Construction on the Forth and Clyde Canal began in 1768. The canal was closed in 1963 and reopened in 2001. The Falkirk Wheel began operation in 2002 and replaced a series of eleven locks that used to connect the two canals.

Here’s a brief stop-motion video showing the wheel in motion:

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The Regent’s Canal in London provides a connection between the River Thames at Limehouse Basin and the Grand Union Canal.

We took a narrow-boat tour from Camden Town to Little Venice. This short portion of the canal passes through the London Zoo, Regent’s Park, and the 270-yard-long Maida Tunnel before arriving in Little Venice. A few companies offer tours on the Regent’s Canal, but we chose to go on the Jenny Wren so we could pass through a lock, lock number 1 at Hampstead Road:

The part of the canal we visited is the oldest, opened in 1816. To this day, locks on the canal are manually operated:

The narrow boats just fit:

Here’s the view from inside lock number 1, aboard the Jenny Wren:

The canal is home to many live-aboards, with their brightly colored and decorated boats:

Not necessarily the best scenery:

But it is waterfront property:

At Little Venice there was a waterborne market and a chance to buy ice cream from a canal boat:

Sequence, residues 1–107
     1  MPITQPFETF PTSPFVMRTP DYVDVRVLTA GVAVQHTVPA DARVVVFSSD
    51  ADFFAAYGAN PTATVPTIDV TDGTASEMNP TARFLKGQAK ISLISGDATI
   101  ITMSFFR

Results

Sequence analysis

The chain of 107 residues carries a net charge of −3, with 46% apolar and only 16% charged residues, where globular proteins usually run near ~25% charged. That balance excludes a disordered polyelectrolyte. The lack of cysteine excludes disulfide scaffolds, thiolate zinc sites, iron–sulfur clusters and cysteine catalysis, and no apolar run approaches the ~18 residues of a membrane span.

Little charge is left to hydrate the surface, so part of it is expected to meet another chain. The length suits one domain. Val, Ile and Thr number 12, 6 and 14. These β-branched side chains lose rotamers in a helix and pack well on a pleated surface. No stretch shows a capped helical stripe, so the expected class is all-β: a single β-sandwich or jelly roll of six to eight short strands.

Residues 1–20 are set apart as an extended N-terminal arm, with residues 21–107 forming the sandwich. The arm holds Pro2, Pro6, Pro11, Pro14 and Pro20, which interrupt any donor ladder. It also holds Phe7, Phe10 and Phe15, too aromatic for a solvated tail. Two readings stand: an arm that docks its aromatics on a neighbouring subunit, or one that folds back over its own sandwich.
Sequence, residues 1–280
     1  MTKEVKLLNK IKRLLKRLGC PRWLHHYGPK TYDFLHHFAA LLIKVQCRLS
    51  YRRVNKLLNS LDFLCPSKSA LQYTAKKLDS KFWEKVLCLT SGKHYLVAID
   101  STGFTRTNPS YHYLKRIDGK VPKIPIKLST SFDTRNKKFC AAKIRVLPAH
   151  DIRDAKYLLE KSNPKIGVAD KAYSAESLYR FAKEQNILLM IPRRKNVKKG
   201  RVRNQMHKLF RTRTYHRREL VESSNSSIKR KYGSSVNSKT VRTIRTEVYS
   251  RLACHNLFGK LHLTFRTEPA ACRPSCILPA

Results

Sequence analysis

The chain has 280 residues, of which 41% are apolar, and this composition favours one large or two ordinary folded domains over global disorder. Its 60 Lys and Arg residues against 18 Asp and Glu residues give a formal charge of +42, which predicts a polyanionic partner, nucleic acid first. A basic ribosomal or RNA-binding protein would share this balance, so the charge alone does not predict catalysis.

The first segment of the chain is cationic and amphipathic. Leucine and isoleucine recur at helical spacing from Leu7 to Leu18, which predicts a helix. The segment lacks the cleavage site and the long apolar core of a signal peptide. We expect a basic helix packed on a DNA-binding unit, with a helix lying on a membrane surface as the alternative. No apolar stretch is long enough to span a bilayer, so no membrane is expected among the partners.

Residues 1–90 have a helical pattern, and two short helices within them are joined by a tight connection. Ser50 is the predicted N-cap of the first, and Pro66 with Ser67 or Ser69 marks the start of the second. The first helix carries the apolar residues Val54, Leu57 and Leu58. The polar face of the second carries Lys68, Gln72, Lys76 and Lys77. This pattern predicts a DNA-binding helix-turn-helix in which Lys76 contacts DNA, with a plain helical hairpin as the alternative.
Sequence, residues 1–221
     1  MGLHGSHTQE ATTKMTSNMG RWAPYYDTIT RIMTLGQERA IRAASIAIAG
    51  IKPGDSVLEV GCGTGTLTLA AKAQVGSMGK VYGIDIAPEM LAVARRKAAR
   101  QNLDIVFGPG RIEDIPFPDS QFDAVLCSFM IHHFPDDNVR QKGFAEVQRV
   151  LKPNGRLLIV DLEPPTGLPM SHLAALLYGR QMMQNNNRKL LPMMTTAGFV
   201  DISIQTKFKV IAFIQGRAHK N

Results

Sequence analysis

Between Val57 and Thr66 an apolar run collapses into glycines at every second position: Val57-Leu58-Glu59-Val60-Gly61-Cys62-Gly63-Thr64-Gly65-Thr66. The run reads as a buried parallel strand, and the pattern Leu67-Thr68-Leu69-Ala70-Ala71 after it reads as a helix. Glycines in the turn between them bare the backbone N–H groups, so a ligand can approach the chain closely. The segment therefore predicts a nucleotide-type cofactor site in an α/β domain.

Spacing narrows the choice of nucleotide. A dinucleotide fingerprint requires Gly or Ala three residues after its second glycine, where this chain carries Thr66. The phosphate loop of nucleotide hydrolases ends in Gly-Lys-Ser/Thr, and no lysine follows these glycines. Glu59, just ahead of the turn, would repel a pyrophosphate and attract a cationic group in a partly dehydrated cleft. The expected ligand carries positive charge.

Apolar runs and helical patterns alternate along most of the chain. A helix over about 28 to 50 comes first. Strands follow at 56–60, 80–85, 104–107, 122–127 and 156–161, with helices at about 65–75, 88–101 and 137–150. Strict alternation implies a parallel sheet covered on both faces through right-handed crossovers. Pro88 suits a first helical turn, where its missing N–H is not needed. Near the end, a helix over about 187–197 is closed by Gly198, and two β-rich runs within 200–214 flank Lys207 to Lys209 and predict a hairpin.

It was the last day for the market, and the zebra-striped boat above was preparing to head home to Stratford-upon-Avon, a two-weeks’ voyage (if I remember correctly).

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Karen and I have just returned from a short visit to Paris (France, not Texas). I have been there twice before, but until Karen told me there was a canal that ran through the middle of the city, I was oblivious to its existence. Thanks to the internet we were able to rent an apartment just a couple of blocks from the Canal Saint-Martin.

Our plan was to hang out in the neighborhood and pretend we lived there. We would sit at cafes and drink coffee, and we would stroll along the canal, as these Parisians are doing:

The canal was constructed between 1802 and 1825, by order of Napoleon I, to bring fresh water to Paris and for the transport of goods. It runs 4.5 kilometers from the Bassin de la Villette to the Port de l’Arsenal just off the Seine River. Nine locks raise or lower boats a total of 27 meters.